Cooperative driving maneuvers expand fully-automated driving with maneuver options, that are not available in current traffic. The reliance on a common plan allows for smaller safety distance, efficient overtaking maneuvers and optimized evasive maneuvers in an emergency situation. On the downside, car-to-car-communication (Car2Car communication) opens up new possibilities for targeted cyberattacks.
With the diverse set of partners in the initialization project “Connected Mobility” as part of the Profilregion Mobilitätssysteme Karlsruhe(“Profilregion: High Performance Center for Mobility Research”), those new hacking methods are analyzed from different perspectives. To demonstrate the problem, the group of researchers initially developed a hacking scenario example on the group formation process, which takes place at the beginning of each cooperative driving maneuver. Currently, the partners are working on applicable countermeasures to prevent such cyberattacks.
The partners of the cyberattack scenario are:
- Institute for Information Processing Technologies (Institut für Technik der Informationsverarbeitung – ITIV): Simulation and architecture of hardware-oriented Car2X communication
- The Competence Center for Applied Security Technology (Kompetenzzentrum für angewandte Sicherheitstechnologie – KASTEL): Analysis of misuse cases in software, especially by cyberattacks
- Department of Measurement and Control (Institut für Mess- und Regelungstechnik – MRT) and Research Center for Information Technology (Forschungszentrum Informatik – FZI): Implementation, analysis and test of maneuver planning and control algorithms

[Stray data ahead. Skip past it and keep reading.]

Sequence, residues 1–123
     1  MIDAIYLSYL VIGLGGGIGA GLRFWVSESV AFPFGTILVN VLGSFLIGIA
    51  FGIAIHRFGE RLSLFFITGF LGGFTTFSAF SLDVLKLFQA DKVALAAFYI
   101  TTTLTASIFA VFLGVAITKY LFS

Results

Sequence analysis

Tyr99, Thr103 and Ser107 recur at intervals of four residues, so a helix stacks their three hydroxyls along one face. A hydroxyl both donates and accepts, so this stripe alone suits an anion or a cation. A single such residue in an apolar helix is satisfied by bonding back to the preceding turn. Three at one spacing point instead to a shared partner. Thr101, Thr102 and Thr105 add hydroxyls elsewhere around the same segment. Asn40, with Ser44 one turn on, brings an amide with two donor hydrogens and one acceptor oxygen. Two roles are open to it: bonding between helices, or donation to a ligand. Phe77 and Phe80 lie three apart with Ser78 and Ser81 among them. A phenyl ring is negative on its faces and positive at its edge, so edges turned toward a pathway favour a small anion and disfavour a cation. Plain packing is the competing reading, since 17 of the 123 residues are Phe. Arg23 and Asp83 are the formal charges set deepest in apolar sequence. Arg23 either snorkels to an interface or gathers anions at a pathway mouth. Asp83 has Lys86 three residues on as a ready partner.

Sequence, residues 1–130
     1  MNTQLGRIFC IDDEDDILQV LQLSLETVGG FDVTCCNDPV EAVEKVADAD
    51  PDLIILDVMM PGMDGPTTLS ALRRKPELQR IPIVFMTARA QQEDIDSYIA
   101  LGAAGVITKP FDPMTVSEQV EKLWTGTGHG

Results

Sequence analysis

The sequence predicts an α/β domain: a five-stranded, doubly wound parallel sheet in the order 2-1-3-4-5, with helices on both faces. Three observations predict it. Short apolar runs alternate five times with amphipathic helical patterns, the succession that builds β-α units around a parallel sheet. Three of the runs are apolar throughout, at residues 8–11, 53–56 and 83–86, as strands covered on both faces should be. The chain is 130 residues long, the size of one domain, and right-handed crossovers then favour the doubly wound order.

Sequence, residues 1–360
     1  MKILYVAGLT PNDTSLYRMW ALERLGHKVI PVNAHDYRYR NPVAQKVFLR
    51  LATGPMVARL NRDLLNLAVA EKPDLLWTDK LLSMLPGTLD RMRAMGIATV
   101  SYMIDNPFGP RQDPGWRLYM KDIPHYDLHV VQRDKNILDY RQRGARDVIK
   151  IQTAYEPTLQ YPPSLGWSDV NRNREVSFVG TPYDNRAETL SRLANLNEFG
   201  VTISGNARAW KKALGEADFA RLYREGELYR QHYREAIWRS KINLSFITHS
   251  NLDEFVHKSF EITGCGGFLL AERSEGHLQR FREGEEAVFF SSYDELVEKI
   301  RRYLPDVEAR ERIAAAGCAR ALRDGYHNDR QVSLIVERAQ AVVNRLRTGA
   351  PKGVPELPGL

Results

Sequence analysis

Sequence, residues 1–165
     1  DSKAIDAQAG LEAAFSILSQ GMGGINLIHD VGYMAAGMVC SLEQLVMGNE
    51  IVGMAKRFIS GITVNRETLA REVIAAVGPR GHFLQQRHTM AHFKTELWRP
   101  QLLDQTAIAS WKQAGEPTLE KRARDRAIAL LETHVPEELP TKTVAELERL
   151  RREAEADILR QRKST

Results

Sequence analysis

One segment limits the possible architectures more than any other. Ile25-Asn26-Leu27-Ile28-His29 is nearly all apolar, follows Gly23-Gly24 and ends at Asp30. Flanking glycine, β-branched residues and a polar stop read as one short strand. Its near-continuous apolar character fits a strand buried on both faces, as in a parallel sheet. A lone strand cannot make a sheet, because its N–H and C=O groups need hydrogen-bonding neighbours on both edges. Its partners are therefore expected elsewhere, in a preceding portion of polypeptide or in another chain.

- Fraunhofer Institute of Optronics, System Technologies and Image Exploitation (IOSB): Algorithms for group and alliance formation for cooperative maneuvers, kooperative maneuver planning and automotive simulation
The initial situation
The particularity of the developed scenario is given by the new type of attack, which in this case does not require access to any automated vehicle or infrastructure, but instead just malware installed on the driver's smartphone (or some other carried-along broadcasting device). This thus leads to a potentially high diffusion of the attack-vector onto a wide mass of vulnerable traffic participants and situations. The analyzed scenario includes a fully-automated vehicle steered by an artificial intelligence (green vehicle) and an oncoming vehicle with a human driver (red vehicle).
The function of the malware is to utilize the Car2Car communication channel to other (automated) traffic participants, and falsely identify the victim’s car as a cooperative automated vehicle. To counteract the premature discovery as malicious software, the malware analyzes the driving situation using GPS, accelerometer information and map data, and initially declines any cooperation request properly. Only in the case of a potentially dangerous situation, the malware accepts and confirms the requested cooperative maneuver. The malware's objective is to provoke such maneuvers of fully-automated vehicles, that their artificial intelligence would not have classified and executed as safe maneuvers without the (assumed) cooperation of other vehicles. However, as the human driver has no knowledge of the planned cooperative maneuver, a high-risk situation with an inevitable accident is very probable to occur.